Palm Oil Production, Consumption and Export Data 2010-2025 (European Policy Overview and Farmer’s Role) begins with an executive summary. In the executive summary was presented on the issue of European warmth among palm oil business actors due to the massive negative campaign and the plan to limit the use of palm oil, which is thought to be an excess of global vegetable oil competition. In the first part (pages 2 to 16), there is a growing view of Europe’s palm oil business in Indonesia.
On page 3, there is a framework developed in Europe, ranging from environmental issues and deforestation, trends in palm oil trade in Europe, standards for oil palm farmers, and suistanable development goals (SDG). On page 4, table data relating to palm oil production in Indonesia, demand, export and balance in the period 2010 to 2015, 2020, and 2025. Production and export figures are estimated to double in 15 years, sharp exports.
On page 5, a table of figures relating to the movement of palm oil trade values to Europe, especially for oil palm for food and industry, the period 2008 to 2017. Import tariffs in Europe tend to be very low and there are no non-tariff barriers.
Furthermore, On page 6, presented data projection of vegetable oil consumption (vegetable oil) of the world for the period 2015-2050, whose growth is expected to range from 2% -3% per year. From the data, the breakdown is based on the main markets of India, Europe, China and Pakistan. The data is supported by data of comparison of land area, production, and productivity of 4 main vegetable oils, ie soybean, sunflower, rapeseed, and palm oil.
On page 7, graphic displays of the extent of oil palm land in Indonesia from 1978-2017, complete with the composition of farmers, state-owned enterprises, and the private sector. This data is also supported by the trend of CPO yield movement since 2005-2015 for private companies and oil palm growers.
Next, on pages 8 to 12, the most recent developments in the European market include the European Parliament’s initiative to exclude palm-based biofuels in renewable energy programs, halt anti-dumping duties, and sustainability palm oil tracking. On page 13 shows infographics related to mapping forests and other lands in Indonesia in the context of deforestation free. On pages 14 to 17, land conversion data for Indonesia in the period 2000-2015, conflicts, and other issues are presented.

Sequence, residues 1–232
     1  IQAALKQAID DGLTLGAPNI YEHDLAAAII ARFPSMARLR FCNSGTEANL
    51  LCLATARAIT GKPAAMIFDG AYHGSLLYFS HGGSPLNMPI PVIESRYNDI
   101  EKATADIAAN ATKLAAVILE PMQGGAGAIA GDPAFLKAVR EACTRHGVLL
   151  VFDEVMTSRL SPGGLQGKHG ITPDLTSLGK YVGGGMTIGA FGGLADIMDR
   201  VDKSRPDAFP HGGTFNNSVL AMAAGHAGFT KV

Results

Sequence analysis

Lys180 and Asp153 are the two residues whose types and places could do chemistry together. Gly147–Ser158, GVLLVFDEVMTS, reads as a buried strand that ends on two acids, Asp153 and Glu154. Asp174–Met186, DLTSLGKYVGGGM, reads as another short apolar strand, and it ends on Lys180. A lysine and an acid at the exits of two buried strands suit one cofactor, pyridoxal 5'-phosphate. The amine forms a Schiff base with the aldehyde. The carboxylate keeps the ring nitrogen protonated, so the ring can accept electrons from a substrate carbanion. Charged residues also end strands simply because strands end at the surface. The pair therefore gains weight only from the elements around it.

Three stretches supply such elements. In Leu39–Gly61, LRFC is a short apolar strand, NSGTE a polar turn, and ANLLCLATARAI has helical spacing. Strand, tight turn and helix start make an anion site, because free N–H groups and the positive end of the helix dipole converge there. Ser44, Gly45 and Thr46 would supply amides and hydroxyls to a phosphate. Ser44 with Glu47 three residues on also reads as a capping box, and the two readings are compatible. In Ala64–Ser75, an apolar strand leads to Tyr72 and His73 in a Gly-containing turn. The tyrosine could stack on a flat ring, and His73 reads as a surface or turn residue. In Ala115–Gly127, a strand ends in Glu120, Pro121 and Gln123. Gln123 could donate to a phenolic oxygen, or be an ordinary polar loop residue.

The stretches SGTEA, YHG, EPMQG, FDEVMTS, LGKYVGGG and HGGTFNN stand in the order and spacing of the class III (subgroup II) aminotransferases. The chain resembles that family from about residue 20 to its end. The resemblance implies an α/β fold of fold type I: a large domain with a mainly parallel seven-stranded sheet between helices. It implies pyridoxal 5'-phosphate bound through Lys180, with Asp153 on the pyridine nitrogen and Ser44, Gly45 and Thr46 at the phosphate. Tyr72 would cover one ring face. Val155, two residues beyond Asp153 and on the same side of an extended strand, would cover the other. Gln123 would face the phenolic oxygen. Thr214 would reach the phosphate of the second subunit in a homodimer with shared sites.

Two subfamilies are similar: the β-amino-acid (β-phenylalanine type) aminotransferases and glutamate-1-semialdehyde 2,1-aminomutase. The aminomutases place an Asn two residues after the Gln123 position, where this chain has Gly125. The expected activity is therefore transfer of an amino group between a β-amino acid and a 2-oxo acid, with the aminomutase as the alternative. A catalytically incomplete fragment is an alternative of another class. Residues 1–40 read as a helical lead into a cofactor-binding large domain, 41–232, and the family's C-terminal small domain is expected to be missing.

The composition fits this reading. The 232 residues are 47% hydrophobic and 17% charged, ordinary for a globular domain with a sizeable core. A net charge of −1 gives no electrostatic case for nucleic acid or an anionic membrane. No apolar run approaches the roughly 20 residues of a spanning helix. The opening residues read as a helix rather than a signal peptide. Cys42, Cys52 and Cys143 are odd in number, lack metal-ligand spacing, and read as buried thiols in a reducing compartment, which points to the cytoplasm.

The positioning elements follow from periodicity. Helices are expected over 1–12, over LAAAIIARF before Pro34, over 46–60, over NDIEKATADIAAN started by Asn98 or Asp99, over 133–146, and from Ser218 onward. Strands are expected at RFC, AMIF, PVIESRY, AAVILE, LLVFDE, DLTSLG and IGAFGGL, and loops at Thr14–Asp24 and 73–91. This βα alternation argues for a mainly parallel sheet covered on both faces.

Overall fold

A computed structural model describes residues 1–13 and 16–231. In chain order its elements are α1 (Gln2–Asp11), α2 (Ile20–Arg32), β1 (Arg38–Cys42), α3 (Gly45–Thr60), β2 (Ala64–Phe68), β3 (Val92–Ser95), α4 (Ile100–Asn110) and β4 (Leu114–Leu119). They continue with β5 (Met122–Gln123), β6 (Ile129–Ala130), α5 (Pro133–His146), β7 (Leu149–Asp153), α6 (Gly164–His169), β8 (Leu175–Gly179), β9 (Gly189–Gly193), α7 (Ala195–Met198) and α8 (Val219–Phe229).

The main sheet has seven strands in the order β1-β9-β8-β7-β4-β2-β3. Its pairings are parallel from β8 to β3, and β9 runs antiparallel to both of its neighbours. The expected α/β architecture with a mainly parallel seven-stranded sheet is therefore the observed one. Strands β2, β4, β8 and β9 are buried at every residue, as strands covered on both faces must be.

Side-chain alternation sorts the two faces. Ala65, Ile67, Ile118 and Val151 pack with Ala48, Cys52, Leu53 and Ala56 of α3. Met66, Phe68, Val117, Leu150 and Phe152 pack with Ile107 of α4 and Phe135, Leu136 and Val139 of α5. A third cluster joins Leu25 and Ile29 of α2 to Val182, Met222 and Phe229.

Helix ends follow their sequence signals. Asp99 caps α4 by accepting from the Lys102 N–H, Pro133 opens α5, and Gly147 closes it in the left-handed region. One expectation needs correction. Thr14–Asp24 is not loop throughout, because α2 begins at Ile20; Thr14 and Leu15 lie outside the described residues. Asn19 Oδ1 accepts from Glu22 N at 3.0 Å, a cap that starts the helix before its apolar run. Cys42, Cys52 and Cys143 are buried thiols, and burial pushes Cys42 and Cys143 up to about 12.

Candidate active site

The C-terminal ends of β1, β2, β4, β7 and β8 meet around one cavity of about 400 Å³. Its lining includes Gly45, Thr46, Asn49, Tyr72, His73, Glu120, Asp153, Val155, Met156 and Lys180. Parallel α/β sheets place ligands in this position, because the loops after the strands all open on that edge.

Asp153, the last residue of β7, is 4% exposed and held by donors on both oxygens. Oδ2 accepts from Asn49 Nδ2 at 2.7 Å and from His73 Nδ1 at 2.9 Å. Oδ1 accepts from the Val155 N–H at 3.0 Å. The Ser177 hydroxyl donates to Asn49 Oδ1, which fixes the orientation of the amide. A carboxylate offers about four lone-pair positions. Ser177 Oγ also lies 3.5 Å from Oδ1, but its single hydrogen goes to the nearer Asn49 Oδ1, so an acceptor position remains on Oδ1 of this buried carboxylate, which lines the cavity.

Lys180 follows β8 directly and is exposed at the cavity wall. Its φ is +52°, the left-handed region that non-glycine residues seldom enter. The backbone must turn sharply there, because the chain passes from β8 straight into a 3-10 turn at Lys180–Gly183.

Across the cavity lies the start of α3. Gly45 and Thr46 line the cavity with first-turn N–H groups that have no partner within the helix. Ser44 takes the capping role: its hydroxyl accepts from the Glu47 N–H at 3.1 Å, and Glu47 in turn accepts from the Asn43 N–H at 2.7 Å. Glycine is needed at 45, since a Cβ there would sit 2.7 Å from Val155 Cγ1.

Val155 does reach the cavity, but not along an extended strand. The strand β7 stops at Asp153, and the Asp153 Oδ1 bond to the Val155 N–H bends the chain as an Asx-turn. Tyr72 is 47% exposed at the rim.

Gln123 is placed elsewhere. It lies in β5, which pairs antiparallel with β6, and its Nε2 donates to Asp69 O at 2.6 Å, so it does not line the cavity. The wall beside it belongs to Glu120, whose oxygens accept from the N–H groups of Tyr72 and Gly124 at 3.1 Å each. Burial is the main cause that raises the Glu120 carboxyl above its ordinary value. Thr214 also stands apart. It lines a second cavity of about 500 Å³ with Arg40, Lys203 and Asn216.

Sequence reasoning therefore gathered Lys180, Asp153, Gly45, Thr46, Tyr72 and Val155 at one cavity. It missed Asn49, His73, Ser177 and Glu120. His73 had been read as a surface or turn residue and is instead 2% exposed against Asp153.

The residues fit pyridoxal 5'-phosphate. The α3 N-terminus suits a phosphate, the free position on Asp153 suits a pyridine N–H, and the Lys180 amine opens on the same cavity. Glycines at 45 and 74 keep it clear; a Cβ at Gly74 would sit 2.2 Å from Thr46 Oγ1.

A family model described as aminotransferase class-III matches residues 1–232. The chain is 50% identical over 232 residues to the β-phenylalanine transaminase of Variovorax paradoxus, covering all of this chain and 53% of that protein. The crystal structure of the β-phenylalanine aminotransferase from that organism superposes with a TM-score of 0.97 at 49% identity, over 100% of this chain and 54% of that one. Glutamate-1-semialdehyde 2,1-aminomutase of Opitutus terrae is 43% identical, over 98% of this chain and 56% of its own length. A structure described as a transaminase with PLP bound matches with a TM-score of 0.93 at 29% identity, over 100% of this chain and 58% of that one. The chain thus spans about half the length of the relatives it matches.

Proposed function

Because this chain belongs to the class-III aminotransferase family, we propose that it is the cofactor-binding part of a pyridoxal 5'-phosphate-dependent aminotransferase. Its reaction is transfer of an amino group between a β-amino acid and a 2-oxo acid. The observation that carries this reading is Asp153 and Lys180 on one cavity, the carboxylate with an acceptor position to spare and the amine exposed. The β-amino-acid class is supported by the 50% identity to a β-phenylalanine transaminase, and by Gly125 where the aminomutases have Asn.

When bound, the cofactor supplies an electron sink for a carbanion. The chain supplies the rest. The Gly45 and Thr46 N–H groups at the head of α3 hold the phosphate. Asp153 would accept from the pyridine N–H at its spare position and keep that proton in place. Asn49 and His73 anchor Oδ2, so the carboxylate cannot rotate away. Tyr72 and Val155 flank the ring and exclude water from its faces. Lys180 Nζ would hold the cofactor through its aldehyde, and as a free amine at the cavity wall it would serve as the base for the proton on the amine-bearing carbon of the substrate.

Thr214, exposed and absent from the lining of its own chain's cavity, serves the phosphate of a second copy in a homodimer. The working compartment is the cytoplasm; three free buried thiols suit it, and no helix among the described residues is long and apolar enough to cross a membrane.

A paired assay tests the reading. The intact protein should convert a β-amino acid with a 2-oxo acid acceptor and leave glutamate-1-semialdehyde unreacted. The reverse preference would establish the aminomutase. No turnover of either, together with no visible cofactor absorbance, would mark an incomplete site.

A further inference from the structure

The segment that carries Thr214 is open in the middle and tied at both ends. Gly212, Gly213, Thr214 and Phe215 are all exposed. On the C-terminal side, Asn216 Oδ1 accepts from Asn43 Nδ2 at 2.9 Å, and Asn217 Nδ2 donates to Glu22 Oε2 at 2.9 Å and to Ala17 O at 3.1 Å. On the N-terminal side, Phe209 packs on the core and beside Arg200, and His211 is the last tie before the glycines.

Going into the next discussion, on pages 18 to 30, a number of studies by the European Commission on environmental issues, deforestation and the role of oil palm farmers in Indonesia are presented. Also reviewed in detail the comparison of 4 major certificates in oil palm ie ISCC (International Sustainability Carbon Certification), RSPO, ISPO, and MSPO. On page 30, table data relating to an increase in the number of laborers in the Indonesian oil palm sector in the 2000-2015 period for landowners’ segments from farmers, state-owned enterprises and the private sector. On page 31, there is a comparison of income data before and after the development of oil palm plantations, adjusting to the study of high carbon stock.
Furthermore, on page 31 it shows data on income change from oil palm plantations in 3 regions, namely Indonesia, Malaysia, and West Africa. On page 34, the trend of oil palm plantations in Indonesia is not affected by the international market price of 1988-2014 period. While on page 35-37, a data comparison of the land needs of the four major vegetable oils is shown.
On pages 38 to 48, a review of the profile of the Indonesian palm oil industry, export value, number of labor, large-scale and small-scale farmers’ composition and renewable energy program. There is also an infographic map of smallholder oil palm landings in a number of regions in Indonesia, land composition, smallholder role in land expansion, smallholder palm oil profile, land rejuvenation program, and target of replanting program per area for 2017-2022 period.
The 2010-2025 Palm Oil Production, Consumption, and Export Data (Overview of European Policy and Farmers’ Role) contains 48 pages, derived from various sources including regulators in Indonesia, BPS, BKPM, related ministries (Ministry of Agriculture, Ministry of Commerce, Industry), and industry associations, such as Indonesian Palm Oil Entrepreneurs Association (GAPKI), European Union Commission, FAO, processed by Duniaindustri.com. This data is presented 95% in English and only 5% in Indonesian language. Industrial database index is the latest feature in duniaindustri.com which displays dozens of data options as per the needs of users. All data is presented in pdf format so that it is easy to download after users perform process according to procedure, ie click purchase (purchase), click checkout, and fill form. Duniaindustri.com prioritizes the validity and validity of the data sources presented.(*)
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